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Africa sees VOD boom

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The number of video-on-demand (VOD) users in sub-Saharan Africa (SSA) will grow by about one million, despite the lack of broadband infrastructure in the region.

According to a Deloitte report, users will select movies, TV programmes and short clips from a catalogue of hundreds of titles, which will then play on demand through television sets, mobile phones and other digital media devices. This user behaviour, it says, will be equivalent to that taking place in millions of broadband-equipped homes globally.

However, Deloitte notes that in the SSA region, VOD will play back from digital video recorders (DVRs) and the files will have been distributed principally via satellite links, and for a few households via digital terrestrial transmission.

VOD is a service that has reached maturity in hundreds of millions of homes globally, observes Deloitte, adding that SSA has not participated in the wave of this adoption. Yet VOD is a desired service among higher-income households, especially in SA and Nigeria, whose citizens account for over 50% of consumer spending in SSA.

The report found that in these countries, and in a growing number of wealthier capital cities across the continent, there is a considerable buzz about the availability of VOD services, with satellite and DVRs able to provide solutions that replicate the VOD experience.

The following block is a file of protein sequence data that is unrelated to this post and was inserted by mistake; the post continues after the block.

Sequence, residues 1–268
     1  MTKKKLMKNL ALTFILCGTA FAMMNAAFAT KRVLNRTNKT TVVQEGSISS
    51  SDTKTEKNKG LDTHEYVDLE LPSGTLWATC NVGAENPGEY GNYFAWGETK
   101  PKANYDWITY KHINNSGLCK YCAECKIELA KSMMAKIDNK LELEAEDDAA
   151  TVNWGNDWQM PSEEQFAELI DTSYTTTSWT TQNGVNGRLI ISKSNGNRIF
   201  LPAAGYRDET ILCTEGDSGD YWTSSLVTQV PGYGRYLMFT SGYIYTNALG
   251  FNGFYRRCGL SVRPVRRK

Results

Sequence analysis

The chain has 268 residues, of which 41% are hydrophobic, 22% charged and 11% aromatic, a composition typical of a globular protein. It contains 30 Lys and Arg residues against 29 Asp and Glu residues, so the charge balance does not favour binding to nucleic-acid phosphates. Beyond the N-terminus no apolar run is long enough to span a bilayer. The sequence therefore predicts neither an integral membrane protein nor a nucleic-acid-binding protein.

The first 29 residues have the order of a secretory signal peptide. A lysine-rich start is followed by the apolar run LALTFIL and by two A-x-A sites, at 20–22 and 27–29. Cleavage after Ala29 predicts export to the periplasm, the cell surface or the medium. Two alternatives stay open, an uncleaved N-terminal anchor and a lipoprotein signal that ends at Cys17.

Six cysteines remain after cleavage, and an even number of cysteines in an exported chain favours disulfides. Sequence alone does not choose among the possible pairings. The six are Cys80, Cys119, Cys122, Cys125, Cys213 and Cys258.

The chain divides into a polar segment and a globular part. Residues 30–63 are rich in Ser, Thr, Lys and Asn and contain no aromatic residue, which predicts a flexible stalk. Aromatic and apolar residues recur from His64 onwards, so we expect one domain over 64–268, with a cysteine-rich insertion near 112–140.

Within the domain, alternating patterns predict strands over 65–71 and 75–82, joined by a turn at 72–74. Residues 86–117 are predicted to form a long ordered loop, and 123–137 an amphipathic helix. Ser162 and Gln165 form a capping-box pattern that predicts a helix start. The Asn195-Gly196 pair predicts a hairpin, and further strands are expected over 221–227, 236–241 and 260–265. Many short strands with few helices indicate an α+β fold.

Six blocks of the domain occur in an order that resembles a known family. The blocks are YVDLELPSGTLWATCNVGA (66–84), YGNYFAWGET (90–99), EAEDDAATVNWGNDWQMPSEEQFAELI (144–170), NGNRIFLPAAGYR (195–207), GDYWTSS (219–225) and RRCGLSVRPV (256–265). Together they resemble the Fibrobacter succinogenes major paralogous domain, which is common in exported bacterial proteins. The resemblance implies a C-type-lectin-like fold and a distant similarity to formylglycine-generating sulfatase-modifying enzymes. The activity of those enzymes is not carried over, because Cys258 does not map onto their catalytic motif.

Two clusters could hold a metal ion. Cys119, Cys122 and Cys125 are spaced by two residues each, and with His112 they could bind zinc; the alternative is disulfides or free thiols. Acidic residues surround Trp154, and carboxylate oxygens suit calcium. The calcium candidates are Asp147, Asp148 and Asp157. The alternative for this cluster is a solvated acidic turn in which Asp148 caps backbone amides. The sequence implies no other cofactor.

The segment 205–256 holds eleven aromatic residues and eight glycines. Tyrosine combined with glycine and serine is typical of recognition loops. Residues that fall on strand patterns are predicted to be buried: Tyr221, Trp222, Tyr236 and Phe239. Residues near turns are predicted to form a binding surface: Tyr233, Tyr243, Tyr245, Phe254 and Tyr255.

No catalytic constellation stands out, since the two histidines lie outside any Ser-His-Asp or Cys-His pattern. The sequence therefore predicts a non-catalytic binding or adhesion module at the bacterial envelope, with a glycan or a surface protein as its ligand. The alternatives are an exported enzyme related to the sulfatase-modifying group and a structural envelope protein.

By contrast, Deloitte states that nations such as Chad, Ethiopia, Liberia, Rwanda and Burundi may continue to have TV and electricity penetration of below 5%. Satellite VOD providers may find greater opportunity in the short to medium term in other parts of the developing world, especially India, where though fixed broadband penetration is at a similar level to SSA, the reach of the electrical grid is substantially greater, as is the number of households with televisions.

The firm urges providers of these VOD services to consider what other content could be distributed using this combination of technologies. As well as movies and television programmes, the most popular clips watched on YouTube and other online video sites, could be delivered to DVRs, it adds.

It concludes that a solution that works for sub-Saharan Africa may also appeal to consumers in many other emerging markets with similar combinations of low fixed infrastructure but wide satellite coverage.

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